6) CONCLUSIONS: The stromal linear structures represent a finding that is detectable only by confocal microscopy at high magnification, is not related to previous contact lens wear, and is still visible 26 months after PRK. The extension of these structures as far as the midstroma indicates that the permanent corneal changes caused by PRK affect deeper stromal layers than the immediate subepithelial region.

 

Ophthalmologe 1998 Jun;95(6):420-6

[Change in twilight vision and glare sensitivity after PRK]. [Article in German]

Katlun T, Wiegand W ALZ Augenklinik Hamburg.

BACKGROUND: Morphological changes in the corneal surface after PRK may result not only in refraction fluctuations and reduction in visual acuity, but also in changes of contrast sensitivity. The aim of this study was to investigate whether PRK has an influence on contrast sensitivity with and without glare with a subsequent effect on the ability to drive cars. PATIENTS AND METHODS: Anonymous inquiries were made by means of a questionnaire sent to 114 patients after bilateral PRK in which the patients were asked to assess subjectly their driving ability. Additionally, in 66 eyes of 66 patients with a mean myopia of -5.3 D, an investigation on contrast sensitivity was performed according to the recommendations of the DOG (German Ophthalmological Society) using a Rodenstock nyctometer. RESULTS: Postoperatively, 55% of the patients felt more comfortable driving a car than preoperatively, 31% did not recognize any change, and 14% felt more uncomfortable driving car. Contrast sensitivity with or without glare 2 weeks postoperatively was so much reduced in 77% or 53%, respectively, of the patients that the criteria for driving a car in Germany were not fulfilled. Within the first 12 months after PRK the number of impaired patients diminished but even 1 year after PRK the number of patients with reduced contrast sensitivity with and without glare was higher than before PRK. Surprisingly, however, the criteria for driving a car with respect to contrast sensitivity with and without glare were not fulfilled even before PRK by as much as 44% and 24% of the patients, respectively.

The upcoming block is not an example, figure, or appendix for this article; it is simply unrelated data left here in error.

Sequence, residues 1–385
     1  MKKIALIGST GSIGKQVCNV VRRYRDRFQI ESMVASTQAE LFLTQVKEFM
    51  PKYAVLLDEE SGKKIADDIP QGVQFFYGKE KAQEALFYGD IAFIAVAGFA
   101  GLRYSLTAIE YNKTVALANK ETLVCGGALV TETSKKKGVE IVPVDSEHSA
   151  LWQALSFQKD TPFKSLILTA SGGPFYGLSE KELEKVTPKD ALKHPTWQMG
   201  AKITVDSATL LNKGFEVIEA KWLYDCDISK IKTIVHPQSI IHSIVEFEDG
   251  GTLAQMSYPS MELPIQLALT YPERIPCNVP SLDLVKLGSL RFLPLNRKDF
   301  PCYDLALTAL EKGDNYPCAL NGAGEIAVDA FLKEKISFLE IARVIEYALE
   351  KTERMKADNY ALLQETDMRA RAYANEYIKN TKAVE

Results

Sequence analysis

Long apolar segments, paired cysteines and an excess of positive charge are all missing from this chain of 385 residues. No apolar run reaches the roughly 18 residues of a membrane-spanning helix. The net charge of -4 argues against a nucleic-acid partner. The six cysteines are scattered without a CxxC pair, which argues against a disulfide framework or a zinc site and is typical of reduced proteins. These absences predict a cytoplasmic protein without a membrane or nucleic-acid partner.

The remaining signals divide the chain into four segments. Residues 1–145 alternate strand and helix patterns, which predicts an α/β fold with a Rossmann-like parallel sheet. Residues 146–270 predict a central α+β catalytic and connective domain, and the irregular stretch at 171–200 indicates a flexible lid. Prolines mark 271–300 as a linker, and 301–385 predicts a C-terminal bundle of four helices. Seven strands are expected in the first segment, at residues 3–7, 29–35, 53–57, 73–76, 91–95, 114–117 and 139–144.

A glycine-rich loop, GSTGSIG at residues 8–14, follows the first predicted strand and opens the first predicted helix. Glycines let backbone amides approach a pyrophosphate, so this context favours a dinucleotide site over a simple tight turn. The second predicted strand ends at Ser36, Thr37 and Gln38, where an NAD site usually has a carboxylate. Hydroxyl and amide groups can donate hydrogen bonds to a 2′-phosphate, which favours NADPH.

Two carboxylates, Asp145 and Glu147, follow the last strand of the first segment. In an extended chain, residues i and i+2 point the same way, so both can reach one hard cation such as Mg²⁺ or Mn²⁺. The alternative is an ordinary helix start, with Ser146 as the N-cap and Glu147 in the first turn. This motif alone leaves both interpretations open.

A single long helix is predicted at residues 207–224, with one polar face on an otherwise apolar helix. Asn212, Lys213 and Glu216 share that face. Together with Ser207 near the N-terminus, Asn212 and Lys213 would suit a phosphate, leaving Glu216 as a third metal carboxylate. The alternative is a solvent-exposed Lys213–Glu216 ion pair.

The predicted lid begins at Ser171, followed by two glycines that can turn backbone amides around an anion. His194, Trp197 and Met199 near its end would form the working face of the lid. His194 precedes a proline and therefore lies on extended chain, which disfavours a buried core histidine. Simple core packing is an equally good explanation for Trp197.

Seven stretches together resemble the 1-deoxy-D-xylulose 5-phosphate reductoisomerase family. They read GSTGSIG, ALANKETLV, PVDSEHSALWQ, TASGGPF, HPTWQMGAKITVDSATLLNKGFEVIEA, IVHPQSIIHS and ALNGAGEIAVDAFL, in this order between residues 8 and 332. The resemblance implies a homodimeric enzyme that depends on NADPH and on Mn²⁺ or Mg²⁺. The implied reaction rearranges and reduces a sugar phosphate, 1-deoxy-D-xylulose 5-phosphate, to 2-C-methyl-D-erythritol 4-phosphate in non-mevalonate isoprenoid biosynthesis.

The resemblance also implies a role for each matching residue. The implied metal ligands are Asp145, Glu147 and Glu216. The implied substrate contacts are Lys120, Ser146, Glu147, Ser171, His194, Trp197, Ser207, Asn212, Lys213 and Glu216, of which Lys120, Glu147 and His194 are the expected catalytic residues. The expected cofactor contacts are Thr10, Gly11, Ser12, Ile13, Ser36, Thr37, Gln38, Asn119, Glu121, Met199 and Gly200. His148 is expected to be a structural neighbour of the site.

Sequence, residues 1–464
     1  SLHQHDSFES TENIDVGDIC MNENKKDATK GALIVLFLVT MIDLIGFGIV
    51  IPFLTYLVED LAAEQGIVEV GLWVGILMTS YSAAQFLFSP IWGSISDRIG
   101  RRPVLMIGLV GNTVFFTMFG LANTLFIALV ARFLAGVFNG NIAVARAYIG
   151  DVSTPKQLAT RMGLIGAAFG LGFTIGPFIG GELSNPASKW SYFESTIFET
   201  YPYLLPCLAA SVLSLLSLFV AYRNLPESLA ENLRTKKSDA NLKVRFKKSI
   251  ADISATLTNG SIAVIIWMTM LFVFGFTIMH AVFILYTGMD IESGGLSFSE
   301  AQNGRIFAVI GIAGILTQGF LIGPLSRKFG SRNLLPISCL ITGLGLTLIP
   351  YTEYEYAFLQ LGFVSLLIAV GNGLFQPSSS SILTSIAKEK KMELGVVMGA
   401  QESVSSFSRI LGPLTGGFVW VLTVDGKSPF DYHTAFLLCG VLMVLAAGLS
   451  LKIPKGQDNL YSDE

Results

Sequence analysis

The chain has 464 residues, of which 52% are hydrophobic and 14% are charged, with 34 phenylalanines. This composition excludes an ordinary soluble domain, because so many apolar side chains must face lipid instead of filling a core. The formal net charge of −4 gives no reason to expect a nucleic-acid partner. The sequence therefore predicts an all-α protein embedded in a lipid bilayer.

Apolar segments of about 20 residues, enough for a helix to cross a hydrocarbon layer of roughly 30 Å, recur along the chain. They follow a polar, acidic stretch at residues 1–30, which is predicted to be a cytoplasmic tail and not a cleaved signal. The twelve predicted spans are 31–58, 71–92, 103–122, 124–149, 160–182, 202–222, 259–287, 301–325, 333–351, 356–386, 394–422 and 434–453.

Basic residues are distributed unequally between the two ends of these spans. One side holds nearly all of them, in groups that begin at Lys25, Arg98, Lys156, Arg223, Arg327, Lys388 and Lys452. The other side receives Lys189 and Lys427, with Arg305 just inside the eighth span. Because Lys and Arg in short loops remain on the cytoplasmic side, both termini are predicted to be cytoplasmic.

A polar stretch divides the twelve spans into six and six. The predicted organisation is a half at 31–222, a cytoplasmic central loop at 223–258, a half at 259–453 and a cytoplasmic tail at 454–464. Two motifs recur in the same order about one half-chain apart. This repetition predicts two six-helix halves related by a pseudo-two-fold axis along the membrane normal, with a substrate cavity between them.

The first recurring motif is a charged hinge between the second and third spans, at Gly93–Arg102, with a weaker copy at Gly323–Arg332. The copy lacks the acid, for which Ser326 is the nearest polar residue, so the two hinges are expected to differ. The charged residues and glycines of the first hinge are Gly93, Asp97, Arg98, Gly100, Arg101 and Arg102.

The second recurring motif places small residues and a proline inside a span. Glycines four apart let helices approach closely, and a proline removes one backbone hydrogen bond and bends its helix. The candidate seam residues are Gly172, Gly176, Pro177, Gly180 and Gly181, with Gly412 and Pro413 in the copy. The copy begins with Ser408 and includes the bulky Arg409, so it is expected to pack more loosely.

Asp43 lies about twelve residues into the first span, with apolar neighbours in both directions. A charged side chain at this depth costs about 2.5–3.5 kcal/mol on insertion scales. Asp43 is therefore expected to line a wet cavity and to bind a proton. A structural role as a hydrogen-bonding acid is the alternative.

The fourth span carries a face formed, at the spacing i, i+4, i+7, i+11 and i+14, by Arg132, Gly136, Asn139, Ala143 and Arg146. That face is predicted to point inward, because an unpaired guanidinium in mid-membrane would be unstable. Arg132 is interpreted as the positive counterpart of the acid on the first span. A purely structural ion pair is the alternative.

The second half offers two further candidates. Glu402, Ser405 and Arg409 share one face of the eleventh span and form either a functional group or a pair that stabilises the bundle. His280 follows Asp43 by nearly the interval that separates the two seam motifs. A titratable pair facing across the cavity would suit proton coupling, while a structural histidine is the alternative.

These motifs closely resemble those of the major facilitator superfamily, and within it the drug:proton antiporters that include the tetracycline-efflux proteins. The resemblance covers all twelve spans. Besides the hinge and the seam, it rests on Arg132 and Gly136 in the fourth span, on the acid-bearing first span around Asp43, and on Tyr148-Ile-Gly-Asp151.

7) CONCLUSIONS: All patients must be informed about the possible impairment for driving a car before PRK is performed.

 

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Un interessante articolo BBC la polizia, i pompieri etc non accettano più chi ha subito operazioni laser: pessima visione notturna, troppi incidenti.